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‘Jerusalem Women’ Recall Struggle for Peace

From left, "Jerusalem Women" Julia Chaitin, Lucy Talgieh, and Enas Muthaffar, and SIS Professor Mohammed Abu-Nimer. (Photo: Jeff Watts)

Three women of three different faiths shared their perspectives on the Israeli-Palestinian conflict Nov. 5, as part of the 15th “Jerusalem Women Speak” tour, sponsored by Partners for Peace.

Lucy Talgieh, a Palestinian Christian; Julia Chaitin, a Jewish Israeli; and Enas Muthaffar, a Palestinian Muslim; are in the midst of a 19-day tour of the United States, which takes them from Maine to Maryland. The tour, now in its 10th year, aims to educate Americans about women’s peace-building efforts throughout Jerusalem.

Chaitin, a professor of social work at Sapir College near Sderot, Israel, immigrated to Israel from the United States when she was 19.

“I had $100 and two suitcases. I thought I was very rich. I thought I was set,” she laughed.

Though she admits the move could have been disastrous, Chaitin quickly settled into her new home and became involved with grassroots campaigns to bring peace to the region, like Women in Black, which opposes war, militarism, and other forms of violence.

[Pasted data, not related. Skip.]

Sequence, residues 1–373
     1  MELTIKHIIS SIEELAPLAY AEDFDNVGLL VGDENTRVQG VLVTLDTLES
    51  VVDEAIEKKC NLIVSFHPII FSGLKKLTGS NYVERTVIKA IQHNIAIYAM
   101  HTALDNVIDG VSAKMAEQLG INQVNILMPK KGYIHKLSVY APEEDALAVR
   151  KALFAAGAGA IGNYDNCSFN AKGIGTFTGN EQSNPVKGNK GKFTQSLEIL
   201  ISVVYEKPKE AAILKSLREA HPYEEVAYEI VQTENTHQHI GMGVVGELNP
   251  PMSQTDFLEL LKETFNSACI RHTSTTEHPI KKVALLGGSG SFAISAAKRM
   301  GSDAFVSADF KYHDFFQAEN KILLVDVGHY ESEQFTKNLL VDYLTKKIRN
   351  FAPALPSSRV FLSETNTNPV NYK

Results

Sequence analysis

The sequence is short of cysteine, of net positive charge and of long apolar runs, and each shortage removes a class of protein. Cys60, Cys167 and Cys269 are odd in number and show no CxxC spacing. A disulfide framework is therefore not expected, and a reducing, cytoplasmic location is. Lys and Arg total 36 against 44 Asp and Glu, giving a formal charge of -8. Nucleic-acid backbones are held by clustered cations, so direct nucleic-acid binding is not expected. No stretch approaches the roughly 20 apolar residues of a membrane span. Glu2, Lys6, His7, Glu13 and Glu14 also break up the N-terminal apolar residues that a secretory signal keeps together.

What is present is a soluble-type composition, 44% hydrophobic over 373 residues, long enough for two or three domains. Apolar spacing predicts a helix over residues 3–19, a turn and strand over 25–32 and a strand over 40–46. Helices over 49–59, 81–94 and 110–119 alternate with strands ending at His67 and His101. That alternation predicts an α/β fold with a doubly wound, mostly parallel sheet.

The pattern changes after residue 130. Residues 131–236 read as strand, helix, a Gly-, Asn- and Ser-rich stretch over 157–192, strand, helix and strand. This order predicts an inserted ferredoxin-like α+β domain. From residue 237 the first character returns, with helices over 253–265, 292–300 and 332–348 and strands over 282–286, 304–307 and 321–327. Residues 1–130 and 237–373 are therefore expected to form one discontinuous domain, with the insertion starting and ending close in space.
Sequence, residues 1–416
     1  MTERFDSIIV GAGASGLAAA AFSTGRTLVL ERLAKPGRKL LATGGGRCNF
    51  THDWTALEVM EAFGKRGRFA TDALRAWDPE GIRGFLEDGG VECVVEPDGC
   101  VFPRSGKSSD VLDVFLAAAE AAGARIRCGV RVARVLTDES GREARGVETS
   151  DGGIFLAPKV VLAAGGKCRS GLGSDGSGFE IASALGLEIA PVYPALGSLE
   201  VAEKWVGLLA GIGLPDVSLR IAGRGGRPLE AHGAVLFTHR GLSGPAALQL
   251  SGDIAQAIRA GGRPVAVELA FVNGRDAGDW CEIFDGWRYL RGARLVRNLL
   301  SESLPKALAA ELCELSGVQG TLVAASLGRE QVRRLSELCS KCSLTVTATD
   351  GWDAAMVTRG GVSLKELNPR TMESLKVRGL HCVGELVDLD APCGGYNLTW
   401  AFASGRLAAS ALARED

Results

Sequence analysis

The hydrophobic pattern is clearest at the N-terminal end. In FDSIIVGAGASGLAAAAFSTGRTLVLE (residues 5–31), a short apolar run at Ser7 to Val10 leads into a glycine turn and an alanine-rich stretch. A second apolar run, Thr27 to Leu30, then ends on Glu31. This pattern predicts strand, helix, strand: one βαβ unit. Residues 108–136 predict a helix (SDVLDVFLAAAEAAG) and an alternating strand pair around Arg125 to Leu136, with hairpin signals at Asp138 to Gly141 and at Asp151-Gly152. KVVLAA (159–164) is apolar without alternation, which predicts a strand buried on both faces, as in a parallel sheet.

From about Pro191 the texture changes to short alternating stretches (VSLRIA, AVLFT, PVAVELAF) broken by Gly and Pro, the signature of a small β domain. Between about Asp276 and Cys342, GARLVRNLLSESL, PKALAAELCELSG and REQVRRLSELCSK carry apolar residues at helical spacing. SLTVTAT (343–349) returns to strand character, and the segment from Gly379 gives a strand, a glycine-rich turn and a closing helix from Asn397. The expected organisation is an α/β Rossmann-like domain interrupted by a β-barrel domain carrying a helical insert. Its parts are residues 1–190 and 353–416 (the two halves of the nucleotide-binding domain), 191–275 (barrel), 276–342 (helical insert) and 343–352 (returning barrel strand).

Chaitin, a mother of three, said she’s learned that the Israeli-Palestinian conflict “is not black and white; there are at least two sides.” She added that it’s essential for people on all sides of the conflict to come together to work toward peace in the region.

Describing her hometown of Bethlehem as “a prison,” Talgieh, who lost family in the Six-Day War of 1967, said she harbored a lot of anger and resentment until she began studying conflict resolution and nonviolent resistence. Today, Talgieh works as a project coordinator at the Wi-am Center for Conflict Resolution in Bethlehem, a grassroots organization that trains and educates Palestinian women and children.

Muthaffar, a self-described storyteller who owns her own production company, found her outlet in filmmaking. During the event, she shared a clip from her latest short film, Occupazion, which portrays Israelis as the occupied and Palestinians as the occupiers.